is a vowel sound, but it also resembles the sound r--not a pure r though . . . But one thing still isn't clear to me: if the line goes up, I experience a sound, but if it moves in the reverse direction, it no longer comes through as a sound but as some sort of wooden hook for a yoke. The configuration

appears to be something dark, but if it had been drawn slower, it would have seemed different. Had you, say, drawn it like this

, then it would have been the sound e." Shereshevskii had a strange relationship with numbers as well: "For me, 2, 4, 6, 5 are not just numbers. They have forms. 1 is a pointed number--which has nothing to do with the way it's written. It's because it's somehow firm and complete. 2 is flatter, rectangular, whitish in color, sometimes almost a gray. 3 is a pointed segment which rotates. 4 is also square and dull; it looks like 2 but has more substance to it, it's thicker. 5 is absolutely complete and takes the form of a cone or a tower--something substantial. 6, the first number after 5, has a whitish hue; 8 somehow has a nave quality, it's milky blue like lime. . ." Carol Steen, an artist, describes the colors she sees when receiving acupuncture treatments: "The first color I might see would be orange and then . . . I might see a purple or a magenta or a red or green. . . Most often, by the end of the treatment, when the acupuncturist took the needles out, the colors would come full force and they would...

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Descrizione libro Yale University Press, United States, 2013. Paperback. Condizione libro: New. Language: English . Brand New Book ***** Print on Demand *****.In a conversation with his physician, a nineteenth-century resident of Paris who lived near the railroad described sensations of brilliant color generated by the sounds of trains passing in the night. This patient-a synaesthete-experienced color hearing for letters, words, and most sounds. Synaesthesia, a phenomenon now known to science for over a century, is a rare form of perception in which one sense may respond to stimuli received by other senses. This fascinating book provides the first historical treatment of synaesthesia and a closely related mode of perception called eideticism. Kevin Dann discusses divergent views of synaesthesia and eideticism over the last hundred years and explores the controversies over the significance of these unusual modes of perception. Celebrated at the turn of the century as a uniquely creative form of consciousness, synaesthesia became embroiled in a debate between Romantics who championed it as a desirable harbinger of a new, more spiritual age, and positivists who denounced it as primitive and irrational.The author debunks Romantic notions of the transcendental nature of synaesthesia and shows that although novelist Vladimir Nabokov was a true synaesthete and eidetic, other individuals the Romantics considered synaesthetes were not. Drawing on studies of autism and hallucinogenic drugs, Dann offers new perspectives on synaesthesia and eideticism and how they relate to the evolution of human consciousness. Codice libro della libreria AAV9780300206395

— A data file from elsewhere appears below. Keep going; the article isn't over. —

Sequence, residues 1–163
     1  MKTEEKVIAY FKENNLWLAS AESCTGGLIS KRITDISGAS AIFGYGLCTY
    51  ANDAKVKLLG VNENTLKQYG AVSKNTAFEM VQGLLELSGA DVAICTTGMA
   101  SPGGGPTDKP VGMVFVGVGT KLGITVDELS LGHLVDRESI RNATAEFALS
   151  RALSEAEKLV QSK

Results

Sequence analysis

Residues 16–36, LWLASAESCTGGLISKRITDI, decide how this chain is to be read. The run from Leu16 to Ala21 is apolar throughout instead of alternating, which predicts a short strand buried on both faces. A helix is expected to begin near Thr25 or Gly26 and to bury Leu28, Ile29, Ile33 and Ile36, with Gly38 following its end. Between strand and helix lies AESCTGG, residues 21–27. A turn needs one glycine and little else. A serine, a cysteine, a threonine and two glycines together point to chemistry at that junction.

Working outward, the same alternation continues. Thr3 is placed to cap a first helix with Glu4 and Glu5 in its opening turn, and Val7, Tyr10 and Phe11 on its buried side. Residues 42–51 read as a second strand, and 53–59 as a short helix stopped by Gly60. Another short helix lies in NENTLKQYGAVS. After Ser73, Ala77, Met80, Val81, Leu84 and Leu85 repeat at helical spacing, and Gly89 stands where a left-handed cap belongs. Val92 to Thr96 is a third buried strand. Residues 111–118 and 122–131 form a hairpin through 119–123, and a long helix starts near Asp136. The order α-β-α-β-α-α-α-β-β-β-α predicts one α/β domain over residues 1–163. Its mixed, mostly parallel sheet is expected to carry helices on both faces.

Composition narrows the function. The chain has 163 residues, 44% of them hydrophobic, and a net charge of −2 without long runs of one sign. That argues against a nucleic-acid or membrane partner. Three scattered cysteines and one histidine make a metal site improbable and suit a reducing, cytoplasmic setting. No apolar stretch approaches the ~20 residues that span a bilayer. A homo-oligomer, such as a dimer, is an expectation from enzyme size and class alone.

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Descrizione libro Yale University Press. Paperback. Condizione libro: New. Paperback. 238 pages. Dimensions: 8.9in. x 5.9in. x 0.7in.In a conversation with his physician, a nineteenth-century resident of Paris who lived near the railroad described sensations of brilliant color generated by the sounds of trains passing in the night. This patient-a synaesthete-experienced color hearing for letters, words, and most sounds. Synaesthesia, a phenomenon now known to science for over a century, is a rare form of perception in which one sense may respond to stimuli received by other senses. This fascinating book provides the first historical treatment of synaesthesia and a closely related mode of perception called eideticism. Kevin Dann discusses divergent views of synaesthesia and eideticism over the last hundred years and explores the controversies over the significance of these unusual modes of perception. Celebrated at the turn of the century as a uniquely creative form of consciousness, synaesthesia became embroiled in a debate between Romantics who championed it as a desirable harbinger of a new, more spiritual age, and positivists who denounced it as primitive and irrational. The author debunks Romantic notions of the transcendental nature of synaesthesia and shows that although novelist Vladimir Nabokov was a true synaesthete and eidetic, other individuals the Romantics considered synaesthetes were not. Drawing on studies of autism and hallucinogenic drugs, Dann offers new perspectives on synaesthesia and eideticism and how they relate to the evolution of human consciousness. This item ships from multiple locations. Your book may arrive from Roseburg,OR, La Vergne,TN. Paperback. Codice libro della libreria 9780300206395